China’s energy efficiency boom a multi-billion-dollar opportunity for Oz

Australia is perfectly placed to take advantage of growing demand for energy efficiency products and services in China, in what could be a multi-billion-dollar export industry according to the International Energy Agency’s head of energy efficiency Dr Brian Motherway.

The IEA has just released a report on the state of play of the energy efficiency industry worldwide, and has also announced a stronger focus on energy efficiency in an effort to modernise.

“Our 2016 Energy Efficiency Market Report demonstrates that businesses and governments around the world understand the critical role energy efficiency will play in the transition to a low carbon economy,” Dr Motherway said.

“Not only that, they and are acting on that knowledge, and pursuing cost effective energy efficiency that has benefits well beyond savings on energy bills in terms of comfort, health and productivity.

“This opens up significant opportunities for Australia to tap into the rapidly growing export market for energy efficient products and services, particularly in the Asia Pacific region.”

According to IEA executive director Dr Fatih Birol, the report is the first to tell China’s energy efficiency story in detail.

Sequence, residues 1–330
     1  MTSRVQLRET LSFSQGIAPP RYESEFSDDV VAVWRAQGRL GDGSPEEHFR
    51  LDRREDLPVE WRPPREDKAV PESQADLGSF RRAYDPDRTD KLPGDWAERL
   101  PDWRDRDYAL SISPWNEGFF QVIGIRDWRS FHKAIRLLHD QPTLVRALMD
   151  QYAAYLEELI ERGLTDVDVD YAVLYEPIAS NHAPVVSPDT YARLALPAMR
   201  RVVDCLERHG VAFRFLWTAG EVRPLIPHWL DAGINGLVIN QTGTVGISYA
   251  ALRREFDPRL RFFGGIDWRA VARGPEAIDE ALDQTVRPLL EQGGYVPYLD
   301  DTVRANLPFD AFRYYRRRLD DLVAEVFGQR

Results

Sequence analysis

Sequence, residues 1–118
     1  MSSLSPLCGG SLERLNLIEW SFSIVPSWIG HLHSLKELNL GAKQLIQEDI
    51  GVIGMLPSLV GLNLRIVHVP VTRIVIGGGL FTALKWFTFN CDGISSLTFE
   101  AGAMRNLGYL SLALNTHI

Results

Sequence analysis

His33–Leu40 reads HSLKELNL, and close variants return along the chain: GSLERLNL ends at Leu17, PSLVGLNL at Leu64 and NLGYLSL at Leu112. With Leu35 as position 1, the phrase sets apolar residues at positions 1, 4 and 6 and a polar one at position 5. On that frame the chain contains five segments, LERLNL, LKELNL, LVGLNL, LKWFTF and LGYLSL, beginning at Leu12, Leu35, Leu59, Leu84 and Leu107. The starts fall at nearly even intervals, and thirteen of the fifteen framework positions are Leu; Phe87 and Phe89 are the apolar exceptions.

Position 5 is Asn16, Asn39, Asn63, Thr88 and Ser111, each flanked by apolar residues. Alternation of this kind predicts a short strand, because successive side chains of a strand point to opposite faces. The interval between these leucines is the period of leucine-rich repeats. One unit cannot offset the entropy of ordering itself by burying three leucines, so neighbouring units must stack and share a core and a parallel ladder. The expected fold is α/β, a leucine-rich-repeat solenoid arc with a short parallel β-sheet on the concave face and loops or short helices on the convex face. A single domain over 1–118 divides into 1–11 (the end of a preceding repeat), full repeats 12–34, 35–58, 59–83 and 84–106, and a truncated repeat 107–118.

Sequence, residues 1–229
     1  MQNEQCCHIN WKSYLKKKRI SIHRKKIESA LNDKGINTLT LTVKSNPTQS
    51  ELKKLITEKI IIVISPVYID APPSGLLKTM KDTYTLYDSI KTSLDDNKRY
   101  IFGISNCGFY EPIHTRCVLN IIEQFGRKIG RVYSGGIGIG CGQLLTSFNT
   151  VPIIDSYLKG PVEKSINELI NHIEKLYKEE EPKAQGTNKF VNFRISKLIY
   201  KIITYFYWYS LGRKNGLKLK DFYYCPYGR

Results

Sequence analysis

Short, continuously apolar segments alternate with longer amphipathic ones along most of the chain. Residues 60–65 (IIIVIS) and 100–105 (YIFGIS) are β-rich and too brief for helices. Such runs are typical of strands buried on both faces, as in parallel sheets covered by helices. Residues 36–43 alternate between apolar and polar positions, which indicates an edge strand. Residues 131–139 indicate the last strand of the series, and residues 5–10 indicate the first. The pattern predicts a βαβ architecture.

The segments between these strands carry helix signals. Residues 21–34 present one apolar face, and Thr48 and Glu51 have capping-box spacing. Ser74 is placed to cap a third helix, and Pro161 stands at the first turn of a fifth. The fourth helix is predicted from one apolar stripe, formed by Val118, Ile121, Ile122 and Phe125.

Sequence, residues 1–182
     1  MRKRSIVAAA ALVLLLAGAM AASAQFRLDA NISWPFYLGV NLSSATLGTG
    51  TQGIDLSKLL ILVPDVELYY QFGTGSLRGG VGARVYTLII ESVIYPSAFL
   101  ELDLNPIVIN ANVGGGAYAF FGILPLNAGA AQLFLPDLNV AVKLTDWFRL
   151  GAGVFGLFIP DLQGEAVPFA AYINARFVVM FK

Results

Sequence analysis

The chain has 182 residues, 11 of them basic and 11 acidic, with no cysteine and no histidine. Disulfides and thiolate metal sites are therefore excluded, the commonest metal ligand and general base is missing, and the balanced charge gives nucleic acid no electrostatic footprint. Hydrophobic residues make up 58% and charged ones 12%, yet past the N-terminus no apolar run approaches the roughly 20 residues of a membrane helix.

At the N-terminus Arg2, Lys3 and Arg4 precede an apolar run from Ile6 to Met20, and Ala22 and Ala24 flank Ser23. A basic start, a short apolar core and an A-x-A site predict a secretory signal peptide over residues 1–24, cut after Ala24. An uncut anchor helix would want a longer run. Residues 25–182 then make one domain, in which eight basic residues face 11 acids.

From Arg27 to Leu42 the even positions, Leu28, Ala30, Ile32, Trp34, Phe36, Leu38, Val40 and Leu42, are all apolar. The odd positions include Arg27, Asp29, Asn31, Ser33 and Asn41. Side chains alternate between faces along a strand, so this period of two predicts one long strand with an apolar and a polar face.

“It is a story of great progress, achieving huge efficiency gains over the last 10 years, but also revealing the opportunity for China to achieve much more on a path to the efficiency levels of other countries,” she said.

The country saw a 5.6 per cent improvement in energy intensity in 2015, up from an average of 3.1 per cent a year over the previous decade. This was mainly in the industry, services and agriculture sectors. Investment in the country between 2006 and 2014 was a mammoth US$370 billion (AU$490b), with energy savings on par with those produced by renewables.

The rapid improvements in energy efficiency were now at a scale where they were “making a significant mark on global energy markets”, the report found.

In 2014, China saved 1.2 billion tonnes of CO2 through energy efficiency, equivalent to the entire emissions of Japan.

However, even with this rapid growth, there still remains enormous opportunity to improve, with the country’s energy intensity still about 50 per cent higher than the OECD average. The Chinese government’s 13th Five-Year Plan sets strong targets for energy efficiency, with a further US$270 billion ($AU358b) expected to be invested over the next five years.

Dr Motherway will be discussing the opportunities for Australia to support the Chinese energy efficiency market at the National Energy Efficiency Conference in November, which will be held in Sydney.

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